the character Celia, in "The Help"

Last weekend I saw The Help, a movie on race relations in Jackson, Mississippi 50 years ago with lingering implications for people who hire “help” to take care of their children and tend to their personal business anywhere in the world, including now. It’s a heavy-handed, simple-message and nonetheless very enjoyable film, with fine acting and imagery, based on the book of the same title by Katherine Stockett.

One element of the narrative interested me from the medical perspective, having to do with the plight of a pale, thin and sexy young woman who’s marginalized by the white Jackson social elite. The character Celia, portrayed with flair by Jessica Chastain, lives, isolated, on an out-of-town plantation. She spends her days alone while her husband’s at work. The nominally proper women in town, while playing bridge and otherwise gathering, call her “white trash,” and she sometimes lives up to their prejudices by drinking too much and behaving erratically.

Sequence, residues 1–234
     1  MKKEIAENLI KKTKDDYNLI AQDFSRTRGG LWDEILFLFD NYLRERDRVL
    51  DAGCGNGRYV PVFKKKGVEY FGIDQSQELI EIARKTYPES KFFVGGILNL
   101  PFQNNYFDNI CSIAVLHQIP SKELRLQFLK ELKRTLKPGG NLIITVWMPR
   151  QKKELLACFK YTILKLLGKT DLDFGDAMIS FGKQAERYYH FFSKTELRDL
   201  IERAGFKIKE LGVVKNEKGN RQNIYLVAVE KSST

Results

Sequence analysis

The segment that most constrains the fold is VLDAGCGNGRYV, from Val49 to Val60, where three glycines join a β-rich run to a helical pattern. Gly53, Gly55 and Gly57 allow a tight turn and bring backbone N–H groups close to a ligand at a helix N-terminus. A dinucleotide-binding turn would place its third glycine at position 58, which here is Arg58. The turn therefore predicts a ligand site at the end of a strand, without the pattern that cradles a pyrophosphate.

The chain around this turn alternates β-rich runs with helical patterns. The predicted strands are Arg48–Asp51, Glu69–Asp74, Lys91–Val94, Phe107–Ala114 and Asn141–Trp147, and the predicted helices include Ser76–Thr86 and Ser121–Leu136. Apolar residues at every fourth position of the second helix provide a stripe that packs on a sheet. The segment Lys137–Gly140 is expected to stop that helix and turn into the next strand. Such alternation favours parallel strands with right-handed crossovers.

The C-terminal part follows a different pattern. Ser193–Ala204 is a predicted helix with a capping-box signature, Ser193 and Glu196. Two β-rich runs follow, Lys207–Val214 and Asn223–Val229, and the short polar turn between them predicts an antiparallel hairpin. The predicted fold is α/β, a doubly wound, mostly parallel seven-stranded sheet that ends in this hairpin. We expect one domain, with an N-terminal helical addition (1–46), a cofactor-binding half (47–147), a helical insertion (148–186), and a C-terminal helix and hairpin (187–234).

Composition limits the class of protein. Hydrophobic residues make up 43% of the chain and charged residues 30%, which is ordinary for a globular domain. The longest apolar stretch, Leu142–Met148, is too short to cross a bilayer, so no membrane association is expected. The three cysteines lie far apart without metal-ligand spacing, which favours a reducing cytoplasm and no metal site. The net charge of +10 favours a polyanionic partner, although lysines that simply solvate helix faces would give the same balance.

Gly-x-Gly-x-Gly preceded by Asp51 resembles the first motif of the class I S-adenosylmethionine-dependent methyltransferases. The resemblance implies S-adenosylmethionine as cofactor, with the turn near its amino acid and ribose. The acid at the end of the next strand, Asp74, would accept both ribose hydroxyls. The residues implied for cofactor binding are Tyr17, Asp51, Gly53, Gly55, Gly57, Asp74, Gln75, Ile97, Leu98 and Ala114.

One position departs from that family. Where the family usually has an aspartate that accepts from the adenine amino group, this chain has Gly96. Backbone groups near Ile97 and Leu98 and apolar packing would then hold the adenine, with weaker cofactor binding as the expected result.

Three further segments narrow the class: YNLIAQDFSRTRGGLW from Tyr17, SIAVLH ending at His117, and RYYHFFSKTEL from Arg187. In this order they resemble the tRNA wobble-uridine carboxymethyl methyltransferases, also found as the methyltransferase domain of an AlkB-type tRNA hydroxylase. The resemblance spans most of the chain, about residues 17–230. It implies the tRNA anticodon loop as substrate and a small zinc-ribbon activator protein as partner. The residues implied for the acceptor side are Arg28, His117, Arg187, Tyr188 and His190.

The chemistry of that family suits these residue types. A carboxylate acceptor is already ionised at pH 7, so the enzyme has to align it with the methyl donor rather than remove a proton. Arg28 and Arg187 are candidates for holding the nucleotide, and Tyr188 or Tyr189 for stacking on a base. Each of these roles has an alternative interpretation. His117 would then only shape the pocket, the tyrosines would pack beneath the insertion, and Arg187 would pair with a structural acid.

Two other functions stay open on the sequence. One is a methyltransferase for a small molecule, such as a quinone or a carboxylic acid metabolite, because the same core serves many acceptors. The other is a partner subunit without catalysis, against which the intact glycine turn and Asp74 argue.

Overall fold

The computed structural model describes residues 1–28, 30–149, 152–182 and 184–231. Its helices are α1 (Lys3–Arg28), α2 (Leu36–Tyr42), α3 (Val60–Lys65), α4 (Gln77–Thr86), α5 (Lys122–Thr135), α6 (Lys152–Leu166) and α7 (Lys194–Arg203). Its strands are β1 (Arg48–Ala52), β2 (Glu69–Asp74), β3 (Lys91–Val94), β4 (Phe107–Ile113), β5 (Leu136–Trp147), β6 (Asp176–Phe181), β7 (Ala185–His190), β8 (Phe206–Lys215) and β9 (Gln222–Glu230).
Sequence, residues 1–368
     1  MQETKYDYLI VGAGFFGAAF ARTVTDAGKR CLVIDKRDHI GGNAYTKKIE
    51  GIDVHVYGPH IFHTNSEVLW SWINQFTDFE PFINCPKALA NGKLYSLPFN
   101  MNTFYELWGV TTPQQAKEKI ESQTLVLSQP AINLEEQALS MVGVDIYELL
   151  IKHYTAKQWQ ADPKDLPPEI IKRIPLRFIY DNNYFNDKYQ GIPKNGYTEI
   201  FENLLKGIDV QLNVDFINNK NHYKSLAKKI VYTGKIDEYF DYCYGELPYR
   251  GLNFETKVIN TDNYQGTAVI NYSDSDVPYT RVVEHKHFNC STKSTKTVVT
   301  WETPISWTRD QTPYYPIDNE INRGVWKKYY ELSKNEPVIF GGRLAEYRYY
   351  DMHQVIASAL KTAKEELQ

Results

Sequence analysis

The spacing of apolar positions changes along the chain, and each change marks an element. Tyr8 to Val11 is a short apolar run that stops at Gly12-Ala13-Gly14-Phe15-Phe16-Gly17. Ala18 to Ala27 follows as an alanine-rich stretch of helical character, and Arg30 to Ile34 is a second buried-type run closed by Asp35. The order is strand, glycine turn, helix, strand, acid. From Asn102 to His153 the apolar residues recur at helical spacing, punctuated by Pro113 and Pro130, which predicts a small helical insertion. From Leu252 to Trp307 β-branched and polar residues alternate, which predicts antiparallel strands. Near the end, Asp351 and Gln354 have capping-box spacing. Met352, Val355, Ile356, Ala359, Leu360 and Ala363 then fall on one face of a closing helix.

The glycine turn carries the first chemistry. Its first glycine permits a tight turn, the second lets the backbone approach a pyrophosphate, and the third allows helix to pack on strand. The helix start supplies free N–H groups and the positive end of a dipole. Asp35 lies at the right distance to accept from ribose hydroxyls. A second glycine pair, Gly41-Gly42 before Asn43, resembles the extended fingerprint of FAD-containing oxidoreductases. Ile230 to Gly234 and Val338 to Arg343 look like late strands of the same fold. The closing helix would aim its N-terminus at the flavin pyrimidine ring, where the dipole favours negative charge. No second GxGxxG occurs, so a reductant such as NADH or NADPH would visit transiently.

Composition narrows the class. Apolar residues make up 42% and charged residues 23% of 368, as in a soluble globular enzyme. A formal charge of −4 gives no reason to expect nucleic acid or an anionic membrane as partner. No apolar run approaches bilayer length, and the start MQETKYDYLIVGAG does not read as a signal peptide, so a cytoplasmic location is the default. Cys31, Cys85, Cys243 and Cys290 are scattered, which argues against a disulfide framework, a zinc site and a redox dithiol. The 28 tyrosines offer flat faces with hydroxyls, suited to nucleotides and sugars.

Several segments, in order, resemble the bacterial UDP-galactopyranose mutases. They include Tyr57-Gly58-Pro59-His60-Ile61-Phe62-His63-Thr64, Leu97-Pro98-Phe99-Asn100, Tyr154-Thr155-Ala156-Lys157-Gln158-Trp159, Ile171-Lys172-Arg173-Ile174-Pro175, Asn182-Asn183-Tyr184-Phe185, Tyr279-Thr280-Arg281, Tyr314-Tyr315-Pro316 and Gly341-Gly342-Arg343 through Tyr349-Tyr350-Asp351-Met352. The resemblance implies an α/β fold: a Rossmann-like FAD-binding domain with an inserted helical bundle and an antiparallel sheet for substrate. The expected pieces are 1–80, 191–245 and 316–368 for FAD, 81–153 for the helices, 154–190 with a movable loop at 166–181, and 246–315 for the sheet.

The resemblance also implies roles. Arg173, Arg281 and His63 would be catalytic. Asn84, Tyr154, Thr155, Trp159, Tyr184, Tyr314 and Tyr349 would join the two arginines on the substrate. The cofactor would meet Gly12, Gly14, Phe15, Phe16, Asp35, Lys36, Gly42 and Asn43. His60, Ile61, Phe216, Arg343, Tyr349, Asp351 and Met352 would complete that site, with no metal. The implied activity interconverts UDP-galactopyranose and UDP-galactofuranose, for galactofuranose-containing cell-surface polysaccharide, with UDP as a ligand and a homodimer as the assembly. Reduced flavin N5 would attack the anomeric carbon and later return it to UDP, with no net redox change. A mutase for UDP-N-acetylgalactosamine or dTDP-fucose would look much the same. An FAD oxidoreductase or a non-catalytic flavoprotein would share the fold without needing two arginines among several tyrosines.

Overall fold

It turns out the young woman’s having a hard time because she’s unable to bear children. She feels inadequate and fears her husband might leave her if he found out. Her history of recurrent miscarriages is discovered by the African American maid, Minny, who comes to work with her. In a revealing scene Minny finds Celia locked in the bathroom, severely bleeding from a miscarriage and crying. The maid, played with conviction by Octavia Spencer, helps her to recover, clean up, and bury the fetus in a shoebox in the yard, nearby three other small burial sites. With this, the young woman’s odd behavior becomes comprehensible.

I couldn’t help but think of countless women of earlier eras, and friends I’ve known in my adulthood, and women I’ve treated as a physician, who felt really bad about their inability to bear children. These days, with fertility treatments and work-ups for miscarriages so prevalent in communities like mine, we don’t see so many cases like Celia’s. It used to be a common problem, and it still is in many regions in the U.S and certainly in other parts of the world, for women who have difficulty conceiving or carrying babies to term, not just to not have children, but to become sad, and feel inadequate about themselves as women.

The Help is a worthwhile film at many levels, with fine acting, a good, PC message and story. I hope movie-goers will take special note of Celia’s predicament.



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